“Let the little children come to Me,
and do not forbid them;
for of such is the kingdom of God”

(Mk 10:14)

Children are the heart of God’s heart, “in heaven their angels always see the face of the Father who is in heaven” (Mt 18:10).

The “face of the Father” is destroyed in them by sin; for this reason, Jesus addresses dreadful words to those who cause children to sin: “it would be better for him if a millstone were hung around his neck, and he were thrown into the sea, than that he should offend one of these little ones” (Lk 17:2).

Jesus urges Peter to feed His lambs, even before feeding His sheep (“Feed my lambs” Jn 21:15); in other words, His children. The chief Shepherd addresses this invitation to the whole Church: bishops, priests, parents and educators whose duty it is to guide God’s flock. This legislates Can. 914 of the Code of Canon Law.

Children and the Eucharist

The most important food children need for their nourishment is the Eucharist, which is essential to enable the life of Grace, given at Baptism, to grow and become stronger: “Truly, truly I say to you, unless you eat the flesh of the Son of Man and drink His blood, you have no life in you. He who eats My flesh and drinks My blood abides in Me, and I in him” (Jn 6:53, 56).

The early Church understood the meaning of this mandate and gave the Eucharist to children after Baptism, as the Orthodox Church still does. For various reasons, among which the influence of heresies, the age of Eucharistic Communion was established between 12 and 14, until 10 August 1910, when St. Pius X signed the Decree entitled “Quam Singulari” which ordained that children receive First Communion at the first use of reason.

In 1910 Cardinal Gennari, a member of the Sacred Congregation for the Discipline of the Sacraments, wrote in his “Brief Commentary” on St. Pius X’s Decree: “Today the use of reason in children begins very early and everyone knows it: three, four, at most five-year-old children are already able to judge and can easily distinguish ordinary bread from the Eucharistic Bread”.

What were the motivations for this Decree?

We can find the answer in St. Pius X’s “Positio super Introductione causae” from which we will extract a few statements from witnesses who enlighten us to understand the Holy Father’s thoughts during the various stages of his priestly journey:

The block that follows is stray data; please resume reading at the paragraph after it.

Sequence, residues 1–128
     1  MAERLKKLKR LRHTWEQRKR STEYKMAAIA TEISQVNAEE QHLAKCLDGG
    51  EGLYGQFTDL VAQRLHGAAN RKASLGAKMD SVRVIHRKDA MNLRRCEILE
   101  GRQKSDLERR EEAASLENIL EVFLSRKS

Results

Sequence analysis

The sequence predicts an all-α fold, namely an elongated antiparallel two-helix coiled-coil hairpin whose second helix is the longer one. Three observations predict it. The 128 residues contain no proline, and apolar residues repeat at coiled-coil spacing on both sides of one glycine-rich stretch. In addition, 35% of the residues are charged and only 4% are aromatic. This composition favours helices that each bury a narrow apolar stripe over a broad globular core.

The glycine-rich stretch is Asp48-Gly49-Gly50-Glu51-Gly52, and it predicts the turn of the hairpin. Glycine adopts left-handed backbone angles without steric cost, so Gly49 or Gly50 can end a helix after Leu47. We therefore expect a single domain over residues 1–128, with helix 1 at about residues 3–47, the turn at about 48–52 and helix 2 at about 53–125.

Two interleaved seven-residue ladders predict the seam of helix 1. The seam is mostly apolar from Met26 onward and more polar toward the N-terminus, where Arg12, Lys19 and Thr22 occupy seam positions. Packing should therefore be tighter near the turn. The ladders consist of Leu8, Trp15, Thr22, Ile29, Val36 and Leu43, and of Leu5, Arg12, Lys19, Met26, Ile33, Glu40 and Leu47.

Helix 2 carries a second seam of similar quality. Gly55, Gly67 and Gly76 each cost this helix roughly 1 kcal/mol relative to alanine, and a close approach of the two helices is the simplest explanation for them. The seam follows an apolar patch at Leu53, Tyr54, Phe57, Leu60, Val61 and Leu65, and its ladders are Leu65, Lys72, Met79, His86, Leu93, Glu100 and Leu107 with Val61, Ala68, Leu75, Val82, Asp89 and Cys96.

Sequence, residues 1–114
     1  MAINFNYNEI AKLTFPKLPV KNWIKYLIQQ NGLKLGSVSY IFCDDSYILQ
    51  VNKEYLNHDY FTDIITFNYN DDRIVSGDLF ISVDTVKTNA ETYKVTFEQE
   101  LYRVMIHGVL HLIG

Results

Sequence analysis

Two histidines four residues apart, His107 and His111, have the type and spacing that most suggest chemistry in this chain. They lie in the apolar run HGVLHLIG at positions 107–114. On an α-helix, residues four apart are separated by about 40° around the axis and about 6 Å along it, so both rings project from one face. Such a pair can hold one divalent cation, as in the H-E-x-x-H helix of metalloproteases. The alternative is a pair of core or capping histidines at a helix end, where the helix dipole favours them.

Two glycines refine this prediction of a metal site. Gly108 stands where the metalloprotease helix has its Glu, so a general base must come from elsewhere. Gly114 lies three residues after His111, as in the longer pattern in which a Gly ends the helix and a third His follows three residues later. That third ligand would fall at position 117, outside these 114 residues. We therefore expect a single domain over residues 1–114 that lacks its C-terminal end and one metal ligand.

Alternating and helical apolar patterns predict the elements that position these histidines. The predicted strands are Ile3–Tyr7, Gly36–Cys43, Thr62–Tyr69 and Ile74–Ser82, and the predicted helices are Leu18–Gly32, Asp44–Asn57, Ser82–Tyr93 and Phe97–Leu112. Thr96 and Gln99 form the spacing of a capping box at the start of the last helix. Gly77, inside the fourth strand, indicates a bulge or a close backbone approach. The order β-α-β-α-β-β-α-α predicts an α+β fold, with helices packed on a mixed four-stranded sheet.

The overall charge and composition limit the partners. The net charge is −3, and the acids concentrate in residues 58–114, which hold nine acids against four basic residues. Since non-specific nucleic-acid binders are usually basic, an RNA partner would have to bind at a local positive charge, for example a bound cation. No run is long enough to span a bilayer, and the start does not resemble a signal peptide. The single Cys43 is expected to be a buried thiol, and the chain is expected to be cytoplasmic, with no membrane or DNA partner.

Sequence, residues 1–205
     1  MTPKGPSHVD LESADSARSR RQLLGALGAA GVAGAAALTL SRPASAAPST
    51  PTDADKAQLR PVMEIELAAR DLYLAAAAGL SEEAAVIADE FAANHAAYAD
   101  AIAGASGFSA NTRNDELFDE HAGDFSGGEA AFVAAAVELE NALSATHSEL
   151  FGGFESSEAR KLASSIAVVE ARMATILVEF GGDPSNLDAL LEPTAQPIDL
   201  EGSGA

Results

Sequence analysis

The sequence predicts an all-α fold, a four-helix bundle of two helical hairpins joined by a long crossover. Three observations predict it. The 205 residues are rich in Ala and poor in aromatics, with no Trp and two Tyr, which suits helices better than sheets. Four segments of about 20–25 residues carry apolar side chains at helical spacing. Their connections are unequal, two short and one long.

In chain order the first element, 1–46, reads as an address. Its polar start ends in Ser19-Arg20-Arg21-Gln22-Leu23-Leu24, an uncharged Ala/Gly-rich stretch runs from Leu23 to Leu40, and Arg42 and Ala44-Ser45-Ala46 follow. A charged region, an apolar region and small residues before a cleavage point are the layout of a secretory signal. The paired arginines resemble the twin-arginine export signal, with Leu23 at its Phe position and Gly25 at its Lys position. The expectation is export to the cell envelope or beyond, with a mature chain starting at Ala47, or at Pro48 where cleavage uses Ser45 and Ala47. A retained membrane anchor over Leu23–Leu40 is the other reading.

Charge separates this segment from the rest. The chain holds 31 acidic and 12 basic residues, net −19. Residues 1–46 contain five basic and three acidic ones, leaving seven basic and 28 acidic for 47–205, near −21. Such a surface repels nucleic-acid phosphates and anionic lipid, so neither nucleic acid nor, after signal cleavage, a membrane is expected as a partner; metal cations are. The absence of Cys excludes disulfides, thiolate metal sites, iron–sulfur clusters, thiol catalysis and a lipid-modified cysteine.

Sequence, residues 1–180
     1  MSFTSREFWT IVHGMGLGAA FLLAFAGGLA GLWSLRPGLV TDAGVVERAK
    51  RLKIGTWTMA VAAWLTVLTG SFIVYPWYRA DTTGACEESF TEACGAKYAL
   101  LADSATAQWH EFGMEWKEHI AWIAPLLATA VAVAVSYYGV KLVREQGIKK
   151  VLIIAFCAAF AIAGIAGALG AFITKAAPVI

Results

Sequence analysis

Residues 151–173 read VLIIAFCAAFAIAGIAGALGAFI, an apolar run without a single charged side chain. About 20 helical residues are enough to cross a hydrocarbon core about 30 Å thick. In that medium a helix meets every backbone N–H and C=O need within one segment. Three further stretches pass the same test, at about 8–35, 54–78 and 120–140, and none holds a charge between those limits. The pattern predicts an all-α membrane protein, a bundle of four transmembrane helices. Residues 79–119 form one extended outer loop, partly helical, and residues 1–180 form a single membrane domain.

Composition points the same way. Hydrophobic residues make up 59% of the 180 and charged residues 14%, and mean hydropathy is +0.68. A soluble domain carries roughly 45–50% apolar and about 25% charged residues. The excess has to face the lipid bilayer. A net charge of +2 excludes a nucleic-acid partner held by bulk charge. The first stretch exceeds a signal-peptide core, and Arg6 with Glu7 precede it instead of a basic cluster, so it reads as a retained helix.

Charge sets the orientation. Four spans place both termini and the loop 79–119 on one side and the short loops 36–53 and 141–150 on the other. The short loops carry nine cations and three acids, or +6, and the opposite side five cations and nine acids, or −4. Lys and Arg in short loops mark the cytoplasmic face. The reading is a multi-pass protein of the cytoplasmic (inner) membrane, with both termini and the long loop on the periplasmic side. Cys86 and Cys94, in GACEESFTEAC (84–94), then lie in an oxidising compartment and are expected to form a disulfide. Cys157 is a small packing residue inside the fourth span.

1 – as a Priest:
“He told me he had always desired that children receive First Communion at an early age. And he added: - Before the devil enters, may Our Lord enter…” (Maria Sarto, sister of the Servant of God, witness no. 1).
2 – as a Bishop:
“The Bishop of Mantova used to say: - When the Lord takes possession of those tender hearts, the devil no longer has power over them” (Sister Modesta dell’Immacolata, witness no. 127).
3 – as Cardinal Patriarch
“With regard to the First Communion of children, when he was already a Patriarch, he urged Pastors (though he didn’t give any official instructions) to examine the children and, if they were responsible enough, admit them to the Sacrament, without worrying too much about age” (Agostino Vian, witness).
“I remember that the Servant of God used to answer me: - It is better that children receive Jesus when they still have pure hearts” (D. Alberto Silli, witness no. 12).
4 – as Pope
“When he was elected Pope he wanted to allow children to receive First Communion earlier so that, as he often said, Jesus could enter their young hearts before Satan did, and one day he said to D. Alberto Silli frankly: “It is better that children receive Jesus when they still have pure hearts”. For this reason, on 10 August 1910 he issued the Decree “Quam Singulari” by which, after overcoming all the obstacles of ancient customs and restoring this sound ancient practice, he ordained that children receive First Communion at the age of seven” (D. Alberto Silli, witness no. 12).

“The Servant of God told me very often about the need to allow children to receive First Communion very early, so that the Lord could take possession of their souls before sin could enter”. (Card. Raffaele Merry del Val, witness).

Two obvious observations emerge from the above:

  • the aim of First Communion at an early age, which was the heart of his pastoral charge as a priest, bishop and Pope, was to “let Jesus enter children’s hearts before Satan could enter”. We must note that as a priest, St. Pius X gave children their First Communion at the age of 8-9; as a Pope he decreed that children officially receive First Communion at the age of seven, but in many cases he gave Jesus to four-year-old children, as the Decree took into account the words “even below”.
  • St. Pius X was convinced that the renewal of the Christian spirit of the new generation was the main result of First Communion given at an early age.

First Communion today

Today, almost one hundred years after the Decree “Quam Singulari” was issued, the mass media, especially television, the advanced techniques of teaching and videogames have accelerated the development of children’s use of reason; at the same time they are bombarded, as never before, with corrupted messages of spiritual death: in fact, in the whole world, juvenile delinquency is spreading among children whose average age is 10.

Only the Church can prevent and stem this frightening attack on the innocence of children by allowing the Eucharistic Jesus to enter them at the first use of reason, with the divine power of his Grace.


“We must definitely shun the opinion of those who wish
To postpone a child’s First Holy Communion
until he is older, when the devil
has already taken possession of his young heart,
with incalculable damage for his innocence.
As soon as the child can distinguish between bread and Bread,
regardless of his age;
May the heavenly King come
to reign in this blessed heart.”
(St. John Bosco)